We all remember Microsoft's brief sojourn in facial analytics earlier this year, the 'How Old' website which guessed the age of people on social media with varying degrees of success. But chronological age is not what matters here; instead it is the rate at which a person is biologically aging, which can be affected by their lifestyle and environment.
I find maps intoxicating. My house is full of dusty sheet maps, sailing almanacs (and I don't even sail), atlases, tourist maps and diagrams that have been sketched on napkins and I dare not discard. Maps are to me the constant, bewitching possibility of exploration. They are the places I have never been, the wild spaces I have never seen, the intoxicating promise of adventures untold.
The UK and Irish national meteorological offices recently announced a pilot scheme to name severe wind storms that will affect Ireland and the UK this winter. Why? Giving a wind storm a name raises awareness, it gives the storm personality and ultimately helps people prepare for severe weather.
There's a reason of course for Dawkins' line of questioning. He is a scientist and probing goes with the territory. But Dawkins' relentless curiosity appears to have killed any sensibilities he has about how human beings operate.
We call for government to require politicians and civil servants to engage with researchers. Open and permanent programmes to bridge the gap between scientific research and policy should be hallmarks of every government.
I really do hope that the show establishes a lifelong interest in science for my children and encourages them to ask why and how things work. I look forward to continuing to find myself humming the theme tune at work and hearing my children saying Balabalaboomboom! for the foreseeable future at least.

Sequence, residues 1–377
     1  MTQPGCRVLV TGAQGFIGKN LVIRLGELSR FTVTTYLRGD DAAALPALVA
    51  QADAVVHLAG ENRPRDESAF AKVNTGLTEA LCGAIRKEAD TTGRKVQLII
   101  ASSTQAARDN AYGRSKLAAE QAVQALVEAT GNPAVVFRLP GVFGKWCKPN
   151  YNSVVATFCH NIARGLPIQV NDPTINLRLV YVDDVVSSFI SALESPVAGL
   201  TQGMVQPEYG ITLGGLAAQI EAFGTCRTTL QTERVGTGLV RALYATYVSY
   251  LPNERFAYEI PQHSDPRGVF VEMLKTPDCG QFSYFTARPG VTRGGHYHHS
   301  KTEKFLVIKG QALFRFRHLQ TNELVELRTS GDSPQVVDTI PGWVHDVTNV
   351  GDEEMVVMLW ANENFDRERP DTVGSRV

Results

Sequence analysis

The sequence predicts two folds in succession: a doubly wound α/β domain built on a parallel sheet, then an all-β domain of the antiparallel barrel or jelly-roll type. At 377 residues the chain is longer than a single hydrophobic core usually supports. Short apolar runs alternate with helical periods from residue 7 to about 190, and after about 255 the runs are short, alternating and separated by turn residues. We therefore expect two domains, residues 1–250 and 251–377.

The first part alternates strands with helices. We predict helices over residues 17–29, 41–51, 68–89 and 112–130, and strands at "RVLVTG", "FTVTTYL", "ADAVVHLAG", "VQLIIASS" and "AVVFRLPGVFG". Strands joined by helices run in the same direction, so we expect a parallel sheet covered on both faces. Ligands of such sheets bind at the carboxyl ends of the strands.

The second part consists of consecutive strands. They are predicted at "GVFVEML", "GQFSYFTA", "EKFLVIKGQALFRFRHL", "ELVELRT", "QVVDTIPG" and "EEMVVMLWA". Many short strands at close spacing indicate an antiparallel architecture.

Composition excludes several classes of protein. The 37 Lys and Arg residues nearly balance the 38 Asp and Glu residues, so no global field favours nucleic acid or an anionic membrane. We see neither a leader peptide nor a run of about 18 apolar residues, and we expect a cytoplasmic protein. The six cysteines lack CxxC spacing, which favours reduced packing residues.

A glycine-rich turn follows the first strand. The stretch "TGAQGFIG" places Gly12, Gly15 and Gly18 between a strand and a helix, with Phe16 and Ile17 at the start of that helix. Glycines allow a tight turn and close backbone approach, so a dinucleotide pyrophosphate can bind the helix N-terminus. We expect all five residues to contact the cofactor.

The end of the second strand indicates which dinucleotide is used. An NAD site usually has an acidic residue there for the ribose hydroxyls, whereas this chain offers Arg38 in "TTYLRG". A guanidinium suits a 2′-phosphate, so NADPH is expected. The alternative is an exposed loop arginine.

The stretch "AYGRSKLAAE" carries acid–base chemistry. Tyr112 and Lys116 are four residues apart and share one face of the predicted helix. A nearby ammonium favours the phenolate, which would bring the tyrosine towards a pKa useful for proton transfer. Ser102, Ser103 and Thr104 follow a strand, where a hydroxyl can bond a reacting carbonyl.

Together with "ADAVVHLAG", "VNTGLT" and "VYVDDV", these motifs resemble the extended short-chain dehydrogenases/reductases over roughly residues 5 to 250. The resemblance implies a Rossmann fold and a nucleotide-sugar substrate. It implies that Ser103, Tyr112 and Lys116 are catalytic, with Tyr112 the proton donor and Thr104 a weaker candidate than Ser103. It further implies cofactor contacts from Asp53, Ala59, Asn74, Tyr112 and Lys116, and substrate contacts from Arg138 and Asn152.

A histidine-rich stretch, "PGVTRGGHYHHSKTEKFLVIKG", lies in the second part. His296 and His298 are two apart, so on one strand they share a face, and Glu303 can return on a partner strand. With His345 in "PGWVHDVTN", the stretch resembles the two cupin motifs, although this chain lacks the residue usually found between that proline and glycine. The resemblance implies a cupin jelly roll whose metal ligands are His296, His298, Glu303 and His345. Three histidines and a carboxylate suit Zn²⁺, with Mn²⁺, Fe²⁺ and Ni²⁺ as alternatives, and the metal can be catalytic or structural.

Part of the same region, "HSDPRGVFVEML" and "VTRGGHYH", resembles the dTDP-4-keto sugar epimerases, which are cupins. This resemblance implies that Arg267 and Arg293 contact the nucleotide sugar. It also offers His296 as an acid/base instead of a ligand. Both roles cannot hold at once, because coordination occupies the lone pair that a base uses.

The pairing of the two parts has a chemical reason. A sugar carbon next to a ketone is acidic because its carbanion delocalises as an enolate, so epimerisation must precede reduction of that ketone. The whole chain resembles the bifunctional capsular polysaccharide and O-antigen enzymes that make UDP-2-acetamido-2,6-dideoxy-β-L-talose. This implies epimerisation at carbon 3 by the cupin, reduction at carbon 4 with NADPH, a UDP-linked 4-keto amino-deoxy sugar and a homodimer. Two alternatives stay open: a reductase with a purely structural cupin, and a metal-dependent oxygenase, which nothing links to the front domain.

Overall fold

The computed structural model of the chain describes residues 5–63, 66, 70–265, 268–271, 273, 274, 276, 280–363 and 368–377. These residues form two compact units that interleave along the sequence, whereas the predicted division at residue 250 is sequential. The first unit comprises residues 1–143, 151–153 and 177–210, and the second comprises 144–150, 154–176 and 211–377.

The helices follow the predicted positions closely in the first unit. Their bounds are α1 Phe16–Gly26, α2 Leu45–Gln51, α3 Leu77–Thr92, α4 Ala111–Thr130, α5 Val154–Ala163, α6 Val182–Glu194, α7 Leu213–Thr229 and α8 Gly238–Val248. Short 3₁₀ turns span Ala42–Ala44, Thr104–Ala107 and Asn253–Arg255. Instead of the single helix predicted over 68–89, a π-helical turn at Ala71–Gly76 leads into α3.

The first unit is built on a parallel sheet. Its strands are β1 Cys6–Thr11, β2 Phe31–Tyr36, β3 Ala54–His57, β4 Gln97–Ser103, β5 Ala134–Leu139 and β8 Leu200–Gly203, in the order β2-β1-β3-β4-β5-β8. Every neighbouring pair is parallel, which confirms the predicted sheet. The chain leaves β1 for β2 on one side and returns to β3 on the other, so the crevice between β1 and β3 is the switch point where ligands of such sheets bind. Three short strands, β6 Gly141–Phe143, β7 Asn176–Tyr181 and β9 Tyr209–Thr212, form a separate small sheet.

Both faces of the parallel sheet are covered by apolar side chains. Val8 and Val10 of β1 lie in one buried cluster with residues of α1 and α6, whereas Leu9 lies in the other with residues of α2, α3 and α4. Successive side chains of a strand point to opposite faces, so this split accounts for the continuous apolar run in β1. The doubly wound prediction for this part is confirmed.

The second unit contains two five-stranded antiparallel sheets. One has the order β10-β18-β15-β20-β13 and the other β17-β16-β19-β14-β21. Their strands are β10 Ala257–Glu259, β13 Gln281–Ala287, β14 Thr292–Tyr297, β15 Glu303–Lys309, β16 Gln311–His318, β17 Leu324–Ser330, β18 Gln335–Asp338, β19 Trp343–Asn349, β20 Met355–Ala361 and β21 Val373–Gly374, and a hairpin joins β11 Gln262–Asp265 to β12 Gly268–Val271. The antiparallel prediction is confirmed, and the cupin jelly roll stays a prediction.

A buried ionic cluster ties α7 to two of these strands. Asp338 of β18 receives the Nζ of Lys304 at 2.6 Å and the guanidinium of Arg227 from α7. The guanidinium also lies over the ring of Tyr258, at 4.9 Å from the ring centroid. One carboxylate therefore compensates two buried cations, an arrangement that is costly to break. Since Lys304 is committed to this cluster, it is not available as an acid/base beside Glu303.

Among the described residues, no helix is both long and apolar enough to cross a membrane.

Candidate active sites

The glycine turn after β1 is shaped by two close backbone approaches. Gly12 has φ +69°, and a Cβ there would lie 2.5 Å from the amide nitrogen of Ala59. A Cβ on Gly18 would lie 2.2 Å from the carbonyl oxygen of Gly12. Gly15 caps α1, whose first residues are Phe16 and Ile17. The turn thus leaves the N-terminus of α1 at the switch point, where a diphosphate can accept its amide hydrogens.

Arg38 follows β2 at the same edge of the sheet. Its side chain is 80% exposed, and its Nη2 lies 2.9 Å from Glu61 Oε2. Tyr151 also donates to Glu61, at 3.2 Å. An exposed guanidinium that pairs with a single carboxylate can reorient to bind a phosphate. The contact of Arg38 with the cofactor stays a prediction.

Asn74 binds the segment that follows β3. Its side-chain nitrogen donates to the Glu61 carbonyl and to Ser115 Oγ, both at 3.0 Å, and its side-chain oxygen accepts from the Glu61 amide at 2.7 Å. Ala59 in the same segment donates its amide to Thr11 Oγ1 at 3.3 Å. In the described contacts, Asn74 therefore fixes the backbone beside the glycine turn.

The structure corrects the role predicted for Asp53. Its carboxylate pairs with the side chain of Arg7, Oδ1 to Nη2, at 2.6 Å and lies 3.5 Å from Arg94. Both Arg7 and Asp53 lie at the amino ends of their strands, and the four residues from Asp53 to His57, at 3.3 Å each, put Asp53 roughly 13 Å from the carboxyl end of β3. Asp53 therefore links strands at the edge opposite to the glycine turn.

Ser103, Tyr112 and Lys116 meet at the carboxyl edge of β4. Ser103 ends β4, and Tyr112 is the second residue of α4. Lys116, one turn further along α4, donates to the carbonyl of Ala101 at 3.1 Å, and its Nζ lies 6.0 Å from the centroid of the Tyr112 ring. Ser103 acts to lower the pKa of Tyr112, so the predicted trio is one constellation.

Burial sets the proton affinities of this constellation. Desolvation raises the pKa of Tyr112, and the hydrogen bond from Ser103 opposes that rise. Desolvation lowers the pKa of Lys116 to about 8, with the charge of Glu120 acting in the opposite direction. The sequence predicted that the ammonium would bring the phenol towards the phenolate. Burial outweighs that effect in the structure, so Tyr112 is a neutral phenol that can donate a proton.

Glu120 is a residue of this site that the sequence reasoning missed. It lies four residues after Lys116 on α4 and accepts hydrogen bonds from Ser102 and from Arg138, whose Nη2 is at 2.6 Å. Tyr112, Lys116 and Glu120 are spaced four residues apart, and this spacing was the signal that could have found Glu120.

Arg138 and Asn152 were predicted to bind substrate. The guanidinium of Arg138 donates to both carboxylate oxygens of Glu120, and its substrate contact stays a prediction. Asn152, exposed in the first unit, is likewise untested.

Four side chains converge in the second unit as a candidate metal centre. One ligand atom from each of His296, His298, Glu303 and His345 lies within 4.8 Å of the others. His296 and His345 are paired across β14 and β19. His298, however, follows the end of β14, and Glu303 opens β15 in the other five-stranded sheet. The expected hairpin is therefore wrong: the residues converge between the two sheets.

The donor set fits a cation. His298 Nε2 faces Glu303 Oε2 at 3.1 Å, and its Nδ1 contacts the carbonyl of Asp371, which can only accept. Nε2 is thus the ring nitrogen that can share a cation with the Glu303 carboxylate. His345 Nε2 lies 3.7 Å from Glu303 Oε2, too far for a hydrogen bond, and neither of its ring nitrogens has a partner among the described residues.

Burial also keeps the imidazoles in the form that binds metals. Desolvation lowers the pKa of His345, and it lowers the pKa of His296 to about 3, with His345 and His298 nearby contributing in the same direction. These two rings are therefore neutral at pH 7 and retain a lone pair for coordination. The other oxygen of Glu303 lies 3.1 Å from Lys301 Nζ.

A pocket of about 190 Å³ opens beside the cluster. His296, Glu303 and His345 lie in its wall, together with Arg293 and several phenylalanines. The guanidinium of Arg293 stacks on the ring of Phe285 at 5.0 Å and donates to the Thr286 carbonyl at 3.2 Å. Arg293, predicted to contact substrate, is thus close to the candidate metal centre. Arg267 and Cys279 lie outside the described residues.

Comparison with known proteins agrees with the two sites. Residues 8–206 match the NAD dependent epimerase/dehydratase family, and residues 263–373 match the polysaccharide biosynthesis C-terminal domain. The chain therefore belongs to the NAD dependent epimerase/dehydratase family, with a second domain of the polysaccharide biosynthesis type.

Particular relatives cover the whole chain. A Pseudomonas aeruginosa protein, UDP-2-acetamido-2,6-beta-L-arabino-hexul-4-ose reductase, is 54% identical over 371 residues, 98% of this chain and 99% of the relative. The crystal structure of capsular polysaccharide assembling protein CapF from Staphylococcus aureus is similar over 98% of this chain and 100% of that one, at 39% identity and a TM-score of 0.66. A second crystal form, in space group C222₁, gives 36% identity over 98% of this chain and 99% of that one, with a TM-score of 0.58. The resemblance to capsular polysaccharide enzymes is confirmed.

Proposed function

Bonkers! How else could you describe a heart doctor in the middle of ground-breaking PhD research into de-mystifying the intricate fibres of our heart muscle who takes up triathlon as a distraction from desk work? Meet Dr Laura-Ann McGill, or LA as she's fondly known.
The scarcity of female science professors is probably due to a combination of all the reasons above and others. It is essential, therefore, that we educate all academics about the equality of choice.
Animal research has helped conceive, optimize and now upgrade from human blood transfusions so facilitating a critical, lifesaving procedure for both humans and animals. Fresh new blood can often make the difference between life and death.
I always knew that I had a 'famous' relative who was a scientist from what my family told me, but Miss Bilderbeck was the first person that sparked my interest in science and widened my knowledge of Rosalind's work. Clearly her enthusiasm was infectious and has stuck with me ever since.
What drives us to become more motivated, creative, or intelligent? These questions have plagued philosophers and scientists for thousands of years and they continue to fuel scientific investigation. Especially now, as we are confronted with increasingly complex problems. However, these questions are just outcomes of something more core, curiosity.
From an early age girls and boys learn what jobs men do and what women do. Few kick against what is expected of them, and it's difficult for parents w...
1999! It's all of 16 years since The Matrix hit the big screen and fuelled the dreams of conspiracy theorists the world over. Everybody loves a good...
In a world where there's a competition for practically every single oddity, for some reason memory competitions (the one you might think to be the most relevant to the ordinary person) get no love. Why?
What does this mean to medical science today? Unfortunately, measuring quantum effects in a complex system like the human body in controlled laboratory conditions is near-impossible. It is also too involved to be fully accessible to mathematical proof.
I always had a very basic view of how infectious diseases work: our bodies are normally clean and free of 'bad bugs', then we touch a door handle with all of those brightly coloured rods on it (as beautifully demonstrated in those Dettol adverts) , then we get ill. But is it really as simple as this?